This Week in History: Fire guts interior of K&L Diner in Albert Lea
May 13, 1990: The Hudson Foods plant in Albert Lea canceled the scheduled layoff of 81 employees and called back 17 workers previously laid off.
May 16, 1970: A fire completely gutted the interior of K&L Diner on North Broadway. Firefighters were able to confine the flames to the cafe and saved the upstairs apartments and the Palace-McGregor Furniture store next door.
May 12, 1970: The Evening Tribune ran the death notice of Vernon Lee Okland of Lake Mills. Okland was killed in a combat operation on May 5, 1970, in Vietnam. Okland was a rifleman in Company C., 2nd Battalion, 502nd Infantry of the 101st Airborne.
2019: The White House’s top economic adviser acknowledged on “Fox News Sunday” that U.S. consumers and businesses pay the tariffs that the administration had imposed on billions of dollars of Chinese goods.
Sending Wall Street into a slide, China announced higher tariffs on $60 billion in U.S. goods in retaliation for President Donald Trump’s latest penalties on Chinese products; the Dow industrials finished more than 600 points lower.
California fire officials said an investigation found that power lines owned by Pacific Gas & Electric Corp. had sparked a Northern California blaze that killed 85 people and nearly destroyed the town of Paradise in 2018; it was the deadliest U.S. wildfire in a century.
2015: The House voted 338-88 to end the National Security Agency’s bulk collection of Americans’ phone records and replace it with a system to search the data held by telephone companies on a case-by-case basis. (The measure was passed by the Senate and signed into law by President Barack Obama.)
A jury sentenced Dzhokhar Tsarnaev to death for the 2013 Boston Marathon bombing that killed three and left more than 250 wounded.
2010: Three Pakistani men who authorities say supplied funds to would-be Times Square bomber Faisal Shahzad were arrested in a series of raids in New England. President Barack Obama met with police officers who responded to the attempted car-bombing, greeting them at the New York Police Department’s high-tech Real Time Crime Center.
2008: The Interior Department declared the polar bear a threatened species because of the loss of Arctic sea ice.
2006: Lawmakers demanded answers after a USA Today report that the National Security Agency was secretly collecting records of millions of ordinary Americans’ phone calls; President George W. Bush sought to assure Americans their civil liberties were being “fiercely protected.”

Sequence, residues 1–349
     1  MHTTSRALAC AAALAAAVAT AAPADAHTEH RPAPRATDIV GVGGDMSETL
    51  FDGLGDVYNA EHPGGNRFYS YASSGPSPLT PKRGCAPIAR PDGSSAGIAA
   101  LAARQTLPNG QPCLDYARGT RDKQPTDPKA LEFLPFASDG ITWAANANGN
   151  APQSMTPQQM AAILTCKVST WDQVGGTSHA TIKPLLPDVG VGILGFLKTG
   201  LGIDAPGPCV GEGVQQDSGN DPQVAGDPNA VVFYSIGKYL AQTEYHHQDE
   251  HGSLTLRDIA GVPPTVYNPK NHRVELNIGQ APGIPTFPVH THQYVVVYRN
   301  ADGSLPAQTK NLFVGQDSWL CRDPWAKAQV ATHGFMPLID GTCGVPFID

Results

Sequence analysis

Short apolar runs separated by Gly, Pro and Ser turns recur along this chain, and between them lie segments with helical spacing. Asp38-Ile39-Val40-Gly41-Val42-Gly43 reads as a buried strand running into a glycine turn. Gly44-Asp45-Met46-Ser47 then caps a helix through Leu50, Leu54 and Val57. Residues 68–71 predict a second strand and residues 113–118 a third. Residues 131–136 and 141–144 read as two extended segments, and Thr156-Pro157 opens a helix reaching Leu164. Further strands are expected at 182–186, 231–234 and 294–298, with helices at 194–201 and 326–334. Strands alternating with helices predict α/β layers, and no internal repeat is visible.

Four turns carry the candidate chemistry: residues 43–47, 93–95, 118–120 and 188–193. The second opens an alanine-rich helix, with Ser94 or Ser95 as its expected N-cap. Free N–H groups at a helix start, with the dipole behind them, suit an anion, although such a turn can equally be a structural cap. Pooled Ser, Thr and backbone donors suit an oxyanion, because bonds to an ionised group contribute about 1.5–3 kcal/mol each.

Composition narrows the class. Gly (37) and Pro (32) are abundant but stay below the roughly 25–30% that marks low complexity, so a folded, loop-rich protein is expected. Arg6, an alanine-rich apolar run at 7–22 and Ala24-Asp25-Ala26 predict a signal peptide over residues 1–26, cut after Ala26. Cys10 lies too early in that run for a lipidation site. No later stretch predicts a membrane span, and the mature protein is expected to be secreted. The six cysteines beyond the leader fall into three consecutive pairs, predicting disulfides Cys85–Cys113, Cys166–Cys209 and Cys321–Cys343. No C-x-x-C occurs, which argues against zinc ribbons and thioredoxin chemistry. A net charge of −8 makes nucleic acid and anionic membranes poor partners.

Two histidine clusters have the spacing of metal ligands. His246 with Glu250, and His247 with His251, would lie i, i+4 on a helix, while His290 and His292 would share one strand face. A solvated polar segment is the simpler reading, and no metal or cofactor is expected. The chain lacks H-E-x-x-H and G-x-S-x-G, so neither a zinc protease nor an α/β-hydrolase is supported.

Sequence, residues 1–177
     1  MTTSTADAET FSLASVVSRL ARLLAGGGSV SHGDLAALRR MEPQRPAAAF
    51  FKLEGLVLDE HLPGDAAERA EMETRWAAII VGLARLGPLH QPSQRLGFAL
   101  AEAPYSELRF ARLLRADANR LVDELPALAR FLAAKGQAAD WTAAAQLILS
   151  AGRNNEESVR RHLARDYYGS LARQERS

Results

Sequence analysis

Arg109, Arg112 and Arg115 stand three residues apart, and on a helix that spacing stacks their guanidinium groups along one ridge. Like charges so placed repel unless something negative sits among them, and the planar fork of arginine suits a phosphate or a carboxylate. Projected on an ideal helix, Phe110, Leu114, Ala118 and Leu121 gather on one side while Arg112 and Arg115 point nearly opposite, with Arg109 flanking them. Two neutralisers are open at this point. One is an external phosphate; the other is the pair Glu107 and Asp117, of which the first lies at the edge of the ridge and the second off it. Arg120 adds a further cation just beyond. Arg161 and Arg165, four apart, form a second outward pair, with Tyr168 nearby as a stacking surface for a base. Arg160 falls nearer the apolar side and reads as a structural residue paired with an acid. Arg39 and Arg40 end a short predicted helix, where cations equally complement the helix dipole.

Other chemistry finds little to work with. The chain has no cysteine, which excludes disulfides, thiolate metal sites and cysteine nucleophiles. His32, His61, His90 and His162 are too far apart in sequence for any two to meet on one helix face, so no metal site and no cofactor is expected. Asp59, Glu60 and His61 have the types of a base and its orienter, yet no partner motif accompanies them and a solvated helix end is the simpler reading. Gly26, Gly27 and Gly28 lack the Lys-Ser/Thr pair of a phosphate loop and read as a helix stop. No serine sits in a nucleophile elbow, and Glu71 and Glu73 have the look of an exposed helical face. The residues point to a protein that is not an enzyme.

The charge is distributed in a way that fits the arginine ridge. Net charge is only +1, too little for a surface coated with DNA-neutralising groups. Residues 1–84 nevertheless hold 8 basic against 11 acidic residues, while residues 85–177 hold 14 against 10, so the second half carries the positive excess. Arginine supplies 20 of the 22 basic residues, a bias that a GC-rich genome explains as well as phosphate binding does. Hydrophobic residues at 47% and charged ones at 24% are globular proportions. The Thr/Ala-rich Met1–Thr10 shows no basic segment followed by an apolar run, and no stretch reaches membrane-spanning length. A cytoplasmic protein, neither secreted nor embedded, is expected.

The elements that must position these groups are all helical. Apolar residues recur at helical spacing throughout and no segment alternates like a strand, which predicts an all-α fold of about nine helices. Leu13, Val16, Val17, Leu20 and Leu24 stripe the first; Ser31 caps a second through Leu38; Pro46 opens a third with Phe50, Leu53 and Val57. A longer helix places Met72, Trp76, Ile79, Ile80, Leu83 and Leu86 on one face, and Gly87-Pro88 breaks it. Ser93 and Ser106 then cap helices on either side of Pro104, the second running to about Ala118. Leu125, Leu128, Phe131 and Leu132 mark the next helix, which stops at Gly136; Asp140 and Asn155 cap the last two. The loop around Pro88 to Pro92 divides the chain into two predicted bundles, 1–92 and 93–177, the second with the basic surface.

The Pentagon released the first video images of American Airlines Flight 77 crashing into the military headquarters and killing 189 people on 9/11.
2004: Massachusetts became the first state to allow same-sex marriages.
2002: Former President Jimmy Carter ended a historic visit to Cuba sharply at odds with the Bush administration over how to deal with Fidel Castro, saying limits on tourism and trade often hurt Americans more than Cubans.
1996: President Bill Clinton signed a measure requiring neighborhood notification when sex offenders move in. (“Megan’s Law,” as it’s known, was named for Megan Kanka, a 7-year-old New Jersey girl who was raped and murdered in 1994.)
1991: Queen Elizabeth II became the first British monarch to address the United States Congress as she lauded U.S.-British cooperation in the Persian Gulf War.
1981: Legendary reggae artist Bob Marley died in a Miami hospital at age 36.
1973: The espionage trial of Daniel Ellsberg and Anthony Russo in the “Pentagon Papers” case came to an end as Judge William M. Byrne dismissed all charges, citing government misconduct.
A special committee convened by the U.S. Senate began its televised hearings into the Watergate scandal.
1968: Two days of tornado outbreaks began in 10 Midwestern and Southern states; twisters were blamed for 72 deaths, including 45 in Arkansas and 18 in Iowa.
1961: Freedom Riders were attacked by violent mobs in Anniston and Birmingham, Alabama.
1958: The United States and Canada signed an agreement to create the North American Air Defense Command (later the North American Aerospace Defense Command, or NORAD).
1954: The Fender Stratocaster guitar, created by Leo Fender, was officially released.
A unanimous U.S. Supreme Court handed down its Brown v. Board of Education of Topeka decision which held that racially segregated public schools were inherently unequal, and therefore unconstitutional.
1943: During World War II, U.S. forces landed on the Aleutian island of Attu, which was held by the Japanese; the Americans took the island 19 days later.
1942: Wartime gasoline rationing went into effect in 17 Eastern states, limiting sales to three gallons a week for non-essential vehicles.
1862: President Abraham Lincoln signed an act establishing the Department of Agriculture.
1858: Minnesota became the 32nd state of the Union.
1804: The Lewis and Clark expedition to explore the Louisiana Territory as well as the Pacific Northwest left camp near present-day Hartford, Illinois.
May 17, 1792: The New York Stock Exchange had its beginnings as a group of brokers met under a tree on Wall Street and signed the Buttonwood Agreement.
1607: English colonists arrived by ship at the site of what became the Jamestown settlement in Virginia (the colonists went ashore the next day).